Is infinite economic growth possible?
Most environmentalists would probably say no. But I’m going to make the opposite case here.
The thing we need to remember about economic growth is that over long periods of time the products we consume and the processes by which we produce them change dramatically. As my old prof Dick Lipsey pointed out repeatedly, we have a higher standard of living today than in our great-grandparents time not because we have double the number of smokestack factories but because of new and different modes of production leading to new and different products. The fact that about 70% of our economy is now services, most of which are less environmentally destructive (air travel notwithstanding) reinforces this point.
Environmentalists would be correct about growth if doubling our GDP led to doubling the amount of materials, energy and pollution associated with production and consumption. But this need not be the case, at least in theory. That is, infinite economic growth is possible, as long as:
- i) the amount of raw materials extracted and energy produced is at or below some base sustainable level;
- ii) any additional negative externalities (ie. pollution) are kept below the “sink” capacity of nature; and
- iii) we have a fiat money system.
Under those conditions, there is no reason why GDP could not double, triple or increase ten-fold. Which is good news because the nature of transformation needed to address climate change is massive, and will be accomplished much more easily in a growth framework than in a zero-sum one.
The press for carbon taxes and cap-and-trade systems certainly moves us in the right direction in terms of addressing points i and ii. The vector for change here is in technology: how we retool our economy over time with technologies that are lower, eventually, zero emission and that are massively more energy efficient (this is Mark Jaccard’s key point in his climate modelling). Recycling of materials is also necessary to minimize the need for new resource extraction, given the amount of materials already circulating around. One intriguing area for future thinking is iii, if we get to a stage where the right to emit carbon dioxide is so valuable that it becomes a de facto anchor for money (the “carbon standard” instead of the gold standard), but this is all pretty speculative.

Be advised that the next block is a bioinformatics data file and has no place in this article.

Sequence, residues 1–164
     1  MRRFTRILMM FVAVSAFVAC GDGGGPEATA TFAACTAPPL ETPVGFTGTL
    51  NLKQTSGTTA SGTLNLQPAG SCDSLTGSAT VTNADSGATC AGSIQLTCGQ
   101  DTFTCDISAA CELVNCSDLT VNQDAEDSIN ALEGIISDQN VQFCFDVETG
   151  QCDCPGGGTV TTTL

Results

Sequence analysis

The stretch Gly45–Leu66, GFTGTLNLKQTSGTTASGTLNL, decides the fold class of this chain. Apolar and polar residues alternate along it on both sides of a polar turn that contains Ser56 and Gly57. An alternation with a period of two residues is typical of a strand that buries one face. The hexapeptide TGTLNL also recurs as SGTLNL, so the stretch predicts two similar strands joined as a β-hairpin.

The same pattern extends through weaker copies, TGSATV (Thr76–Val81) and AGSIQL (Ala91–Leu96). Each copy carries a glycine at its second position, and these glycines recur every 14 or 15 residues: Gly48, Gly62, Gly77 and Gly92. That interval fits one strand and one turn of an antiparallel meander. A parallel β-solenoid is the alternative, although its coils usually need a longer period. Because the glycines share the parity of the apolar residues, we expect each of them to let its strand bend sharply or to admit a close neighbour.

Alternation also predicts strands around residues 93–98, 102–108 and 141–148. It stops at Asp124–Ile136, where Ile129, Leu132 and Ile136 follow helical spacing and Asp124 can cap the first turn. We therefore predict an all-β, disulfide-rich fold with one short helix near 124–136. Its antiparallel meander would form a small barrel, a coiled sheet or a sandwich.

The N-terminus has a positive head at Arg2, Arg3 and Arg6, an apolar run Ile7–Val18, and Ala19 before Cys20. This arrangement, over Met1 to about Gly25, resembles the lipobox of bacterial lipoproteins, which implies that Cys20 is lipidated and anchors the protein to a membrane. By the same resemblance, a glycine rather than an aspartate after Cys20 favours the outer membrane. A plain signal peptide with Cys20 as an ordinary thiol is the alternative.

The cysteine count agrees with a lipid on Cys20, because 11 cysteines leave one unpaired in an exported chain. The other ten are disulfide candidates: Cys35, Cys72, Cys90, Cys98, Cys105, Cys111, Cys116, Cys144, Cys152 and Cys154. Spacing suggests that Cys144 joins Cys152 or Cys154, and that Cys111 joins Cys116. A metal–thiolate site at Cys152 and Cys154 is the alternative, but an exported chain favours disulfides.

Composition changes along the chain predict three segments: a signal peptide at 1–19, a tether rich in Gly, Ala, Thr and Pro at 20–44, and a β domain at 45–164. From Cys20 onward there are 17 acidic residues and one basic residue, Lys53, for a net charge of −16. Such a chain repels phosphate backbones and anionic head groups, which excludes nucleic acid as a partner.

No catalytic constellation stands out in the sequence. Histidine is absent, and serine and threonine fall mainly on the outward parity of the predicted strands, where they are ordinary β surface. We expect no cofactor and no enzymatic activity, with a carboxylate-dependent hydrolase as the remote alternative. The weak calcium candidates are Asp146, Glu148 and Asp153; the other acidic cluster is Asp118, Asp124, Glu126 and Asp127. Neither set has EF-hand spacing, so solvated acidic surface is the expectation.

Having said all of that, the environmentalists may be right in the end because capitalism-as-we-know-it loves to gobble up more materials and energy and externalize its costs. Ecological economics is helpful in sorting out how materials, energy and externalities are associated with production. In neoclassical economics we cannot even have this discussion because labour and capital are the only inputs to production, technology is a black box, there are no externalities, and money is “neutral”. So it is important to distinguish economic actors in models of “the market” with the behaviour of actual consumers and companies in the system we call capitalism. The bigger question is whether capitalism as an economic system is ultimately compatible, at least in its current dominant form, with a carbon neutral economy.